When it comes to free office software, there are two main choices: LibreOffice and OpenOffice (or, to give it its own name, Apache OpenOffice). The two are remarkably similar, so how can you make the right choice for you?
First, it is worth thinking about whether you need desktop office software at all. If you have an internet connection, Google Docs, Spreadsheets and Presentations may provide everything you need without having to install anything, and with the added bonus that everything you create is automatically stored in the cloud. No more lost documents or having to e-mail work to yourself.
However, if you write, create spreadsheets, or make regular presentations, you will find that you need some more advanced features that you will only find in desktop software. If you are in that camp, LibreOffice and OpenOffice are two of the best options there are. They are both free to download and use, even professionally, and they are also open source, meaning their code is publicly available.
Indeed, they are so similar that it is difficult to choose between them, but there are some important differences.
Why are they so similar?
LibreOffice and Apache OpenOffice share a common ancestor: OpenOffice.org. This open source office suite was originally developed by the software giant Sun Microsystems, but not all developers were happy with the direction of the project after Sun was taken over by Oracle.
As a result, a group of developers broke out and created a new fork. This became LibreOffice, which has since been hosted by The Document Foundation.
In 2011, Oracle announced that it was terminating the development of OpenOffice.org and donating the code to Apache
What are the differences?
Frequency of releases
One of the biggest differences between Apache OpenOffice and LibreOffice is the frequency of releases. LibreOffice is updated much more often than Apache OpenOffice, which means that you will receive new functions and bug fixes faster.
The frequency of updates means that there is also a greater chance of errors in LibreOffice, but every phenomenon is likely to be resolved quickly.
Selection of tools
Both LibreOffice and Apache OpenOffice essentially offer the same set of apps (Writer, Calc, Impress, Draw, Base and Math), but LibreOffice also includes a tool called Diagrams. As the name implies, this is a small application especially for creating charts and diagrams, ready to be imported into other documents. Useful for presentations.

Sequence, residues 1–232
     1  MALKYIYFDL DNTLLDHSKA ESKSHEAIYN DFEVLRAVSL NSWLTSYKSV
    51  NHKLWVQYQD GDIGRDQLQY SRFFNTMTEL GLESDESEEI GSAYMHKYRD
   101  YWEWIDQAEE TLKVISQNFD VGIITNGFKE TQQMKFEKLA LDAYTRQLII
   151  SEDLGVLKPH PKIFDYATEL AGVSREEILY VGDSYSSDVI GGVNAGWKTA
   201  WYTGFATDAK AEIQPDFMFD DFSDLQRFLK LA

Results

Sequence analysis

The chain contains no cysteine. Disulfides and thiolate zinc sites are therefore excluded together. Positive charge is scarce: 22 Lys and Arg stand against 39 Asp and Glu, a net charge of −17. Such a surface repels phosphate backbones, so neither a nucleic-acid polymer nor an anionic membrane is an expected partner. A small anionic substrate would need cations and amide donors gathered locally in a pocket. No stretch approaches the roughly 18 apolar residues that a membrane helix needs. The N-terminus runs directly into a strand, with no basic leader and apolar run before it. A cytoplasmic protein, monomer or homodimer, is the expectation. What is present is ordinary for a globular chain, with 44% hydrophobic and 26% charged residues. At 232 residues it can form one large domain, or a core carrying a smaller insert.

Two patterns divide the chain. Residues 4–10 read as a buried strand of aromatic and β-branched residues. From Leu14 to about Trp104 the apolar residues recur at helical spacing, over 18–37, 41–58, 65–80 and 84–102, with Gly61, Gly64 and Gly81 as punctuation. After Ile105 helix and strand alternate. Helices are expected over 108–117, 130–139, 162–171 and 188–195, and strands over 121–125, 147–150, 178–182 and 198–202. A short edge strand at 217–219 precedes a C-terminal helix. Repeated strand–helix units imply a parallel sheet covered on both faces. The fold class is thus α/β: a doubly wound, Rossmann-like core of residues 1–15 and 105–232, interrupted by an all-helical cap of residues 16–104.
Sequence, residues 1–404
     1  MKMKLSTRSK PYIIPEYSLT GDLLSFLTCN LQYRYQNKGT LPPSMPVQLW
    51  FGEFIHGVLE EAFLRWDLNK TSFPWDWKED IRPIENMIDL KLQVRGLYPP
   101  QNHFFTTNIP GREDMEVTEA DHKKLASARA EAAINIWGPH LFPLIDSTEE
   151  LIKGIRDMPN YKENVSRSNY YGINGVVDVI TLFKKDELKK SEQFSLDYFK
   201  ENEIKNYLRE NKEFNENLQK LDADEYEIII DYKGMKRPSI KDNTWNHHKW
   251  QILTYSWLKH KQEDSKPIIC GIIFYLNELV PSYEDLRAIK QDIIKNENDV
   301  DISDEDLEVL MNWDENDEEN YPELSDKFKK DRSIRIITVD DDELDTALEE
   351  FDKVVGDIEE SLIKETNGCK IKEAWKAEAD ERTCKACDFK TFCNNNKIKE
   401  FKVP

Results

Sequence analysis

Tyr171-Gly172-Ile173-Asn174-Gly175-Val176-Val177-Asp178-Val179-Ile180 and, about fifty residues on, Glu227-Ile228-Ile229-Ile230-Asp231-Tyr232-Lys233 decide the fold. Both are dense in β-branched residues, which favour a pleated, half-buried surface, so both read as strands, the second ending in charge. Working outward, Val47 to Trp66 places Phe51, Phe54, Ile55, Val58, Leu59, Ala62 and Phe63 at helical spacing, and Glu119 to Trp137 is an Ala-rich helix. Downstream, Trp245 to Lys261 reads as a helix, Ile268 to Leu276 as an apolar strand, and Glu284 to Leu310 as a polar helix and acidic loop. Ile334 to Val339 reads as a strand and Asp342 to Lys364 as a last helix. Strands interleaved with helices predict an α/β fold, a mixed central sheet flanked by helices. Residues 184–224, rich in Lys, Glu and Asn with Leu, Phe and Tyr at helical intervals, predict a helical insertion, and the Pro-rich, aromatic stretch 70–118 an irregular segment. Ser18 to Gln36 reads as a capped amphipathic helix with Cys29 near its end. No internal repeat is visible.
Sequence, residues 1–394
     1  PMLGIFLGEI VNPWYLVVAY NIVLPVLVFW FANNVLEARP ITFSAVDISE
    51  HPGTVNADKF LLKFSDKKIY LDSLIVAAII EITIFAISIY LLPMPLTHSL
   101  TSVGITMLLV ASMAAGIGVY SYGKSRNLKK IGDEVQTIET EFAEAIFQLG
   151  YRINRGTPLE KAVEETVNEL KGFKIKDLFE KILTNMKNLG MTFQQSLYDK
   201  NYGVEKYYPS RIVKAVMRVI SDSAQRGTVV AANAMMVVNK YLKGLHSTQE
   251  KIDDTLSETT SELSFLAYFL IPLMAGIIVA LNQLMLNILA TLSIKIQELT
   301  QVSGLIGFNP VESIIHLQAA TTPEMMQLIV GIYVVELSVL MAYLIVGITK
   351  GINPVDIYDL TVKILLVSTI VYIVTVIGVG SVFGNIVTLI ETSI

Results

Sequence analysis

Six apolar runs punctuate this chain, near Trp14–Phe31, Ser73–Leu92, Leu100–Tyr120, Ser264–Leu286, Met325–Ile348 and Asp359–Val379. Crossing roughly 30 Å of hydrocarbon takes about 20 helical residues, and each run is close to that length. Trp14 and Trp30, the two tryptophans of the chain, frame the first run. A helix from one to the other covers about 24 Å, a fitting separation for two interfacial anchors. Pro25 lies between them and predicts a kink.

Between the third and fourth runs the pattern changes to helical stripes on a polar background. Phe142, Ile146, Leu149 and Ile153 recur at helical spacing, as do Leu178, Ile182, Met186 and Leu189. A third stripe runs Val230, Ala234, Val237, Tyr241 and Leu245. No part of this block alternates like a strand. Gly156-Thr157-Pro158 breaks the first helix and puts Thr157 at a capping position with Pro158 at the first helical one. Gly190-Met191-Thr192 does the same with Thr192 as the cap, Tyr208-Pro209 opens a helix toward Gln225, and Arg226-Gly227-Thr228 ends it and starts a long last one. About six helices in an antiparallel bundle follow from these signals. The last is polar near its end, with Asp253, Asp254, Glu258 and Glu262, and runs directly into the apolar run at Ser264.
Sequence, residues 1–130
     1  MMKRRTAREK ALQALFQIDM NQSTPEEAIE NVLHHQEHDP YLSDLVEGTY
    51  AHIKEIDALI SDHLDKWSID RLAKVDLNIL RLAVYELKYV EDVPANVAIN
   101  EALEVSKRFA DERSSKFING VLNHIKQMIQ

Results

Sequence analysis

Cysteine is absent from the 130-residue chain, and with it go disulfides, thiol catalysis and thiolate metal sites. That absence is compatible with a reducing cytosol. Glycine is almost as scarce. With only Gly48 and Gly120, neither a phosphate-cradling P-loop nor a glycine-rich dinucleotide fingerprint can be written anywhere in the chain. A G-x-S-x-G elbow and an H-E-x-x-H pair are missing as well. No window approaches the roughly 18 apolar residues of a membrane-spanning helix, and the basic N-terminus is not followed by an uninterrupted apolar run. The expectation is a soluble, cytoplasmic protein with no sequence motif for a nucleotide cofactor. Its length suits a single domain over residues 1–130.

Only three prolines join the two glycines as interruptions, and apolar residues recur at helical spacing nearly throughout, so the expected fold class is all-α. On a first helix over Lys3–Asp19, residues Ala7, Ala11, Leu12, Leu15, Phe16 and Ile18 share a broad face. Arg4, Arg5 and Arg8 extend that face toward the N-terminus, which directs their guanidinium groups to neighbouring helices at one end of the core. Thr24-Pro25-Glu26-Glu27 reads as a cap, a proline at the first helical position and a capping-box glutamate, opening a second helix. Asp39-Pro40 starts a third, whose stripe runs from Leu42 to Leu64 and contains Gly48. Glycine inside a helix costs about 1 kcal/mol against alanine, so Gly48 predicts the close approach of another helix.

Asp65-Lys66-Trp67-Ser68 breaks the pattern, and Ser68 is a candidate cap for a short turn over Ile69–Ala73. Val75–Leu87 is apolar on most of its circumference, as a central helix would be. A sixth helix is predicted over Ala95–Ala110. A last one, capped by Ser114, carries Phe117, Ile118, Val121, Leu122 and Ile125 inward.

If you are multilingual, it is worth noting that Apache OpenOffice offers more flexibility when it comes to languages, allowing you to download additional language patches as plug-ins. If you choose LibreOffice, you must first choose one language and keep it handy.
If you often have to make presentations, LibreOffice has the lead in terms of the number (and quality) of the available templates for slides. Both software suites offer an abundance of home-made designs for download, but the selection of pre-installed options from LibreOffice is much better than those from OpenOffice.
As you can see from the screengrabs, LibreOffice and Apache OpenOffice are almost identical. The functional differences are very small; For example, the sidebar in OpenOffice Writer is open by default, while it is closed in LibreOffice.
LibreOffice looks a bit more modern thanks to the larger icons and leans towards subtle pastel tones, but it is nothing that influences your daily work.
Supported file types
This is probably the biggest determining factor for many people. Although both LibreOffice and Apache OpenOffice can open and edit native Microsoft formats DOCX and XLSX, only LibreOffice can save these formats.
If you are going to share documents with people who use Microsoft Office, LibreOffice is therefore the better choice.
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